In this review, we’ll be looking at Dyson’s latest hard floor vacuum – the Micro 1.5KG.
Yes, a cordless stick vacuum that only weighs 1.5 KG, the lightest I’ve tested so far.
How good is this hard floor vacuum from Dyson?
I’ve spent the past week putting it through my usual series of tests, and there were a few surprises I’ll share with you in this review.
Extremely Lightweight Cordless Stick Vacuum
Dyson Micro 1.5KG Review
Dyson tries to break the mold again with the Micro 1.5 KG stick vacuum. It’s the total opposite of their full-sized line-up – an extremely lightweight product that focuses on ergonomics than anything else.
Everything is downsized from the body, volume, battery down to the nozzle to make it as light as possible.
The Micro is the lightest stick vacuum I’ve tested, and I won’t be surprised if copycats will sprout as this product is quite popular. But how good is it? I’ve spent many hours testing this product to find out.
- The lightweight frame weighs a little over 2 pounds
- Dyson ditches the trigger
- Excellent cleaning performance (even on carpet)
- Highly ergonomic in its handheld configuration
- The fully sealed system didn’t leak during the fog test
- Small dustbin capacity
- It will not deep clean carpet
- Weak airflow and suction
Introduction to the Dyson Micro 1.5KG
After Dyson unveiled the V15 Detect, I didn’t know what they’d do for an encore.
But we could see a pattern with the subsequent release of the Omni-Glide and Micro.
James Dyson seems to be focusing on an underserved niche: hard floor vacuums.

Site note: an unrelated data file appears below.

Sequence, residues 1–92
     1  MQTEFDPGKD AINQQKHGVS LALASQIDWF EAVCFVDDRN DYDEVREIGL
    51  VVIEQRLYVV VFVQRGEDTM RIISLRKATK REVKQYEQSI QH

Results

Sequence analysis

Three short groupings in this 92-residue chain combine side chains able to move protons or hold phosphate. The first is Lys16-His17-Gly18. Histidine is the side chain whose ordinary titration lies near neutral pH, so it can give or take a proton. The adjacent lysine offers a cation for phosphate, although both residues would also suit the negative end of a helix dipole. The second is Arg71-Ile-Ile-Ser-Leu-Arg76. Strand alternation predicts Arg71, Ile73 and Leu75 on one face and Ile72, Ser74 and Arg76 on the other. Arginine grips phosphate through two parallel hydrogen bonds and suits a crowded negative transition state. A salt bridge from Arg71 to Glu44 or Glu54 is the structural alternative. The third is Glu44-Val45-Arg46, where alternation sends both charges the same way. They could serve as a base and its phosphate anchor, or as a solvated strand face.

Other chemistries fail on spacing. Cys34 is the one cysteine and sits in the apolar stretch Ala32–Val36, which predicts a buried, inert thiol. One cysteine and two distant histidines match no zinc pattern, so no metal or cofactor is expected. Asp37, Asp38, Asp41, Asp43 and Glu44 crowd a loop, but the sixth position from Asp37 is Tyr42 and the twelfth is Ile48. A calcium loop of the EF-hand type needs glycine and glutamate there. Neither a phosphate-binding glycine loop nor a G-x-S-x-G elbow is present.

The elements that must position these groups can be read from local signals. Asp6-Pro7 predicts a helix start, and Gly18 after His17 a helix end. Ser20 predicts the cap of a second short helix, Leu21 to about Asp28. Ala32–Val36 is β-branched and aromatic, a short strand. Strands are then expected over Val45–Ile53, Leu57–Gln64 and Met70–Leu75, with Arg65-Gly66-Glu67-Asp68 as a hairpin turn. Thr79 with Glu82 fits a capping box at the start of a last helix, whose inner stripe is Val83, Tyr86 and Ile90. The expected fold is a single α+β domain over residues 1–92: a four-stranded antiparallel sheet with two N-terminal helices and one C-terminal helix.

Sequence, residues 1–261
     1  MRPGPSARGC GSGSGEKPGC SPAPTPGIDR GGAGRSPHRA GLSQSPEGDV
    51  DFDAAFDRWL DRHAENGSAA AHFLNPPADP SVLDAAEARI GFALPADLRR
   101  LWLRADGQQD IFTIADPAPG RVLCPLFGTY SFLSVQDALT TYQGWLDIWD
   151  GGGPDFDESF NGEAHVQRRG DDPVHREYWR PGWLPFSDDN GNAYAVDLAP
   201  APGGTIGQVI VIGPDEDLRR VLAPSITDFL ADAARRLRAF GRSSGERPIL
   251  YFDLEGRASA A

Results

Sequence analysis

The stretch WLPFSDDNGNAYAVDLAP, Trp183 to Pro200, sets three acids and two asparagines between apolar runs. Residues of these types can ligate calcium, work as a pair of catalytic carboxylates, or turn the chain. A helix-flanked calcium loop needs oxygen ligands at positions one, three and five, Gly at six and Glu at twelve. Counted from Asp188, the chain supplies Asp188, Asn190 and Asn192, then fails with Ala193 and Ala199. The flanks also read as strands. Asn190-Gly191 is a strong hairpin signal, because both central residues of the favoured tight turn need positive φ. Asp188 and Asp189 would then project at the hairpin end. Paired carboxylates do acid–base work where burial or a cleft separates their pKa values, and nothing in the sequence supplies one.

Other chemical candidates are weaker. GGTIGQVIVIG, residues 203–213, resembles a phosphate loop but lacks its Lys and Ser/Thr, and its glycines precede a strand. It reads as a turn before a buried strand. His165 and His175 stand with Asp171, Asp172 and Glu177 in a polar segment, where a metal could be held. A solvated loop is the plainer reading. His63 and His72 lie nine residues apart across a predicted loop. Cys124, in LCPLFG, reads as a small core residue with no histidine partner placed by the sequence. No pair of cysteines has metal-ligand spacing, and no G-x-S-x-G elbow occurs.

The Micro 1.5 KG is Dyson’s latest hard floor vacuum with a lightweight form factor of (you guessed it) 1.5 kilograms.
While other brands utilize a high-powered motor paired with a suction-only floor tool, Dyson sticks to its tried and tested formula – the soft roller.
Everything in the Micro is focused on shedding as much weight as possible.
It has the same form factor as a full-sized Dyson cordless stick vacuum but is much smaller.
Dyson downsized everything from the dustbin, battery to the soft roller tool, aptly called the “Micro Roller.”
I mentioned in the video review that it’s a smaller version of the V8’s soft roller, but it’s closer to the slim attachment of the V15 Detect minus the green LED.
We’ll go through these features in this section.
Micro Fully cleaner head
One of my favorite Dyson attachments is the soft roller, which is a tool that Dyson pioneered and other brands have copied.
The Micro Fluffy cleaner head is another technological first in the industry as the smallest and lightest soft roller nozzle.
It’s similar in width to the Omni-Glide’s dual roller tool, but this one is lighter.
With steering, the micro roller is similar to a Dyson full-sized roller, and it doesn’t have the 360-degree steering of the Omni-Glide.
However, it has more torque than an omnidirectional head and works on carpet.
It’s usable on carpet, at least for surface dirt.
You’ll see in the cleaning tests; it is pretty good as it picked up a high percentage, which was a pleasant surprise.
But don’t rely on this stick vacuum for carpet since it lacks a motorized brush and it’s primarily designed for hard surfaces.
On a practical aspect, you could utilize this capability to clean light area rugs and something full-sized stick vacuums will struggle cleaning.
Root cyclone technology
The Dyson Micro retains the root cyclone technology, and due to the smaller form factor, the number of cyclones is reduced to eight.
Still, it retains the cyclonic system that keeps suction even as the dustbin fills up.
It has a fully sealed system that didn’t leak during the fog test – a good sign for allergy sufferers.
Dustbin design and volume
This cordless stick vacuum retains the same horizontally aligned dustbin as the full-sized V-series line-up (V10, V11, and V15) but at a much smaller scale.
It retains the trombone-style lever that you push forward to empty, but at the cost of volume.
Due to Dyson’s weight-saving quest, capacity takes a hit and only can hold 0.05 gallons (or 0.18 liters) worth of debris.